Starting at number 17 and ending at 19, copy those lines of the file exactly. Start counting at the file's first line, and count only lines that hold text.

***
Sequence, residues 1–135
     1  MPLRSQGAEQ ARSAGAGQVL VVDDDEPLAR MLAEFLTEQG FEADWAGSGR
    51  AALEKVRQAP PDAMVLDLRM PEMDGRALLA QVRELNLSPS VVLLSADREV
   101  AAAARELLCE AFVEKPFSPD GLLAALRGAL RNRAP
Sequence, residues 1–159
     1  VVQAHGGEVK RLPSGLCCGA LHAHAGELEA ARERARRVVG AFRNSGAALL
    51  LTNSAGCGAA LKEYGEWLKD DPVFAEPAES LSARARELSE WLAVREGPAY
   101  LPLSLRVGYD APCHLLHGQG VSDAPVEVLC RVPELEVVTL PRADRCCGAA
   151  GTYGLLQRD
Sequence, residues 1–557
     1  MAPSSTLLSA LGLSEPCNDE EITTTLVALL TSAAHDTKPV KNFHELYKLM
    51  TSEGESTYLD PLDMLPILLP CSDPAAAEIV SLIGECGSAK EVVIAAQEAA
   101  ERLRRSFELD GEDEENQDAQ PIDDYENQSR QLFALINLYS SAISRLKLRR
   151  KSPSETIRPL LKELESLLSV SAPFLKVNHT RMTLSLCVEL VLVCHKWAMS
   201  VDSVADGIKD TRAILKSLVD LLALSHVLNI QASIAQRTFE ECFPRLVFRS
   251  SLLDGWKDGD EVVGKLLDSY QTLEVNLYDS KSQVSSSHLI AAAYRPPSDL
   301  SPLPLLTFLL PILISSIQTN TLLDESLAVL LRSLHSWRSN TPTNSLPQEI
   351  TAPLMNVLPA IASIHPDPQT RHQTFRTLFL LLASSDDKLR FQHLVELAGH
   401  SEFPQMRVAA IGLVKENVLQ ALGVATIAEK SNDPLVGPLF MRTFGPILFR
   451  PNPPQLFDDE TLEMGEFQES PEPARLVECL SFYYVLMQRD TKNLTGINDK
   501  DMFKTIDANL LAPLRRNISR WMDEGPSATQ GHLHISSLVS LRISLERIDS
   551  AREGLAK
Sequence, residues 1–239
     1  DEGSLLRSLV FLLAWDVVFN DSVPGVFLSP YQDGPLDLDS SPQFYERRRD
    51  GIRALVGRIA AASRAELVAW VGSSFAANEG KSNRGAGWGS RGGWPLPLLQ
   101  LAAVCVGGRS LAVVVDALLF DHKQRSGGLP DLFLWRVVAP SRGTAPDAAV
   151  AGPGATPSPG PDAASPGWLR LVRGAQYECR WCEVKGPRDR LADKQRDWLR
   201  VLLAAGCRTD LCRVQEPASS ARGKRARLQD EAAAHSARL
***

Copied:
   301  SPLPLLTFLL PILISSIQTN TLLDESLAVL LRSLHSWRSN TPTNSLPQEI
   351  TAPLMNVLPA IASIHPDPQT RHQTFRTLFL LLASSDDKLR FQHLVELAGH
   401  SEFPQMRVAA IGLVKENVLQ ALGVATIAEK SNDPLVGPLF MRTFGPILFR